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Food Rescue: Market on the Move
There are groups in some communities that rescue surplus produce that would otherwise get wasted and provide that produce at a low cost to families. In Phoenix and Tucson, Market on the Move is a weekly event where surplus produce from farming communities is trucked into the city. Generally there are 8-12 varieties of produce and with a $10 donation participants can take all the food they want. That’s right – there’s no limit. Some families fill reusable shopping bags and others come with wagons or rolling coolers. The idea is that you take what you can use and a little extra to share with friends and neighbors because the food would have otherwise been wasted.

The first time I participated in Market on the Move, I was a little weirded out. I wasn’t sure if the program was more like a food bank than a co-op and I didn’t want to take food that was meant for people with fewer resources than I have. On top of that, I wasn’t sure about “rescued” food. Sounds kind of dubious, right? Was it going to be all rotten or go bad in a day? Was it going to be oddball stuff nobody would want?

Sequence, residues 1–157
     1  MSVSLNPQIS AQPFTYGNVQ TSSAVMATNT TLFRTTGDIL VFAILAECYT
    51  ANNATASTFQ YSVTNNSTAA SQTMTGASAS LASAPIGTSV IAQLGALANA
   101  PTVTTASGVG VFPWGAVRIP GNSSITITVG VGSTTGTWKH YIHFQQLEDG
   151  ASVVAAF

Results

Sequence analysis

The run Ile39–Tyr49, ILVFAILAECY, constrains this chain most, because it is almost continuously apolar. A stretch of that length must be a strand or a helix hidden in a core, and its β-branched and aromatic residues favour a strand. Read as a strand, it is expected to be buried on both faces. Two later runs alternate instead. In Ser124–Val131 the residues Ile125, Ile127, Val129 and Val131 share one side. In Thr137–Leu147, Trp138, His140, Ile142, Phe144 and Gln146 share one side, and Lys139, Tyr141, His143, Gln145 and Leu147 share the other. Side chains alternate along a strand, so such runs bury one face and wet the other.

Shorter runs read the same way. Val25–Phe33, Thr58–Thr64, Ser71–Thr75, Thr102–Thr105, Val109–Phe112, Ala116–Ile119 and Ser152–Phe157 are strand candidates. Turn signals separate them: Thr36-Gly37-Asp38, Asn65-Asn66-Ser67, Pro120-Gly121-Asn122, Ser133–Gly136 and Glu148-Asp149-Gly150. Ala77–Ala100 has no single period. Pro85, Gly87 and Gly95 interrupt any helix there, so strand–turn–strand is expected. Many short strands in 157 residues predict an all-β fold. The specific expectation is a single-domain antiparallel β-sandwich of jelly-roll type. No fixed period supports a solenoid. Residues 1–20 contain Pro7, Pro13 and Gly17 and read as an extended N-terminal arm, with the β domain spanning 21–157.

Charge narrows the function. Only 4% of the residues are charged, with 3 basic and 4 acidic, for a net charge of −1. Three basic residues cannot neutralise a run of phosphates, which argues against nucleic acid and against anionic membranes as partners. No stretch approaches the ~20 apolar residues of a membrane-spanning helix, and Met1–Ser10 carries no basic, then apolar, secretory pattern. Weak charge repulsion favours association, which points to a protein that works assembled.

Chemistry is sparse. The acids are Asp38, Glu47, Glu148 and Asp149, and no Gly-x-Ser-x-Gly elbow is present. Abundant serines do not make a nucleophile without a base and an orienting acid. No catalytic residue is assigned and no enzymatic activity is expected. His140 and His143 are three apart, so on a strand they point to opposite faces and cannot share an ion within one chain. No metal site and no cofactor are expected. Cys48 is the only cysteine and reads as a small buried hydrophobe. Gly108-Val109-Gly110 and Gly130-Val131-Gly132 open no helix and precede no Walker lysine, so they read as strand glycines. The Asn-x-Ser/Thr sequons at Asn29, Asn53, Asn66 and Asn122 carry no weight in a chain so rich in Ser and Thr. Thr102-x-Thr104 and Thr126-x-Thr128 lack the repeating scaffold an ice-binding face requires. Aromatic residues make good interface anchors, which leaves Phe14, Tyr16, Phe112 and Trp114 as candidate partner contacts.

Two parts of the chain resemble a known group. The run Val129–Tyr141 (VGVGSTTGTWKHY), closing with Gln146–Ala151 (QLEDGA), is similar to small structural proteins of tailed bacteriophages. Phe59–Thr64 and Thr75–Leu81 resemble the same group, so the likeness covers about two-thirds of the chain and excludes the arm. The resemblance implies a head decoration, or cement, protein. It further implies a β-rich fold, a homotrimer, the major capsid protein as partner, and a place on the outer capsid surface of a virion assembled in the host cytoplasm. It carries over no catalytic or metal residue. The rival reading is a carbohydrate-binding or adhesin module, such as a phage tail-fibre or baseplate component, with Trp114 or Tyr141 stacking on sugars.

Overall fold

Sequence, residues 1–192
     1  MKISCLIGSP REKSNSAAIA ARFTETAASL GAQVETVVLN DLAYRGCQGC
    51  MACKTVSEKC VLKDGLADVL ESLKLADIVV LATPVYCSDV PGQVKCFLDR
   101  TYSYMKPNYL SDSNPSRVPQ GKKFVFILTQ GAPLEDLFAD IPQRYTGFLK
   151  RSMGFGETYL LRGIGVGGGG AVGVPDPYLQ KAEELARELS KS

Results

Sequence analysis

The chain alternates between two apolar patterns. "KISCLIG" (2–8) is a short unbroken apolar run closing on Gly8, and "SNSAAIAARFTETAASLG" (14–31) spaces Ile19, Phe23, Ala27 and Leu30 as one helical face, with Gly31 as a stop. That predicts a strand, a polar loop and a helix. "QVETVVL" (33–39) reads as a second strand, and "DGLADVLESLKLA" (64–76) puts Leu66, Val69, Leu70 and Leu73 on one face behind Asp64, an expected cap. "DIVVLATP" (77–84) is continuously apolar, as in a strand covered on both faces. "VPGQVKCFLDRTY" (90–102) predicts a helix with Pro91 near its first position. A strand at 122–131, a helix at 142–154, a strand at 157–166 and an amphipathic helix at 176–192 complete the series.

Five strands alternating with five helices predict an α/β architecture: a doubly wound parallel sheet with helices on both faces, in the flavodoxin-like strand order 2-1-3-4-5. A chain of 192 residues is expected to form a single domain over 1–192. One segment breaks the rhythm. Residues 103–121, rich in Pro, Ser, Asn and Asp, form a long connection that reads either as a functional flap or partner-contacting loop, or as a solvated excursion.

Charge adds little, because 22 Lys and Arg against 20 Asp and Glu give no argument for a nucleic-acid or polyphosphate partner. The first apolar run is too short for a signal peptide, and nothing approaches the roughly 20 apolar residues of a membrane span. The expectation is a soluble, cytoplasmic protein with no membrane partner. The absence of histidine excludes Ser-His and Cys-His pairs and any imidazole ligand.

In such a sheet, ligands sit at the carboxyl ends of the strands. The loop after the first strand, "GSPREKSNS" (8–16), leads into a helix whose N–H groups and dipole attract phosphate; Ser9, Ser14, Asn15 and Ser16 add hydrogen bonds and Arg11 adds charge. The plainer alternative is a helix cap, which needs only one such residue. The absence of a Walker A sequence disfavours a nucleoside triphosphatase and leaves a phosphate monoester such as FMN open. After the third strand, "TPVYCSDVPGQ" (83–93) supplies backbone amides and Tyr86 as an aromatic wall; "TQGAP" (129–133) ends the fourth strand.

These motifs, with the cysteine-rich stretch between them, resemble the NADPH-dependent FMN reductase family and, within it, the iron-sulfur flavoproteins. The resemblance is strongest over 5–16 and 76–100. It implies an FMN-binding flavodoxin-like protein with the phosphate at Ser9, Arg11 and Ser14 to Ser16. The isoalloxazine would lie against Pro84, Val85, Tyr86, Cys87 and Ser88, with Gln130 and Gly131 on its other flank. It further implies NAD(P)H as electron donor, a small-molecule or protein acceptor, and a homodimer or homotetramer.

I decided to see for myself and I was pleasantly surprised. One Saturday morning I showed up at a church near my home to find a huge line of (really friendly) people. I was pretty far back so I had about 40 minutes to wait and used the time to get to know my “line neighbors.” There were people from all walks of life and they had various reasons for participating. Some of the folks I chatted with were looking to add healthy veggies to their diets, some were participating because it stretched their food budget, and others were excited to participate in a program that prevents waste. My concern that I was taking food from others who might need it more was unfounded because there is more than enough to go around and the process only works if there are enough participants contributing. Another important thing is to note is that Market on the Move is not year-round. The service is suspended during the hottest months of summer so it’s always a good idea to double check the website before you head out.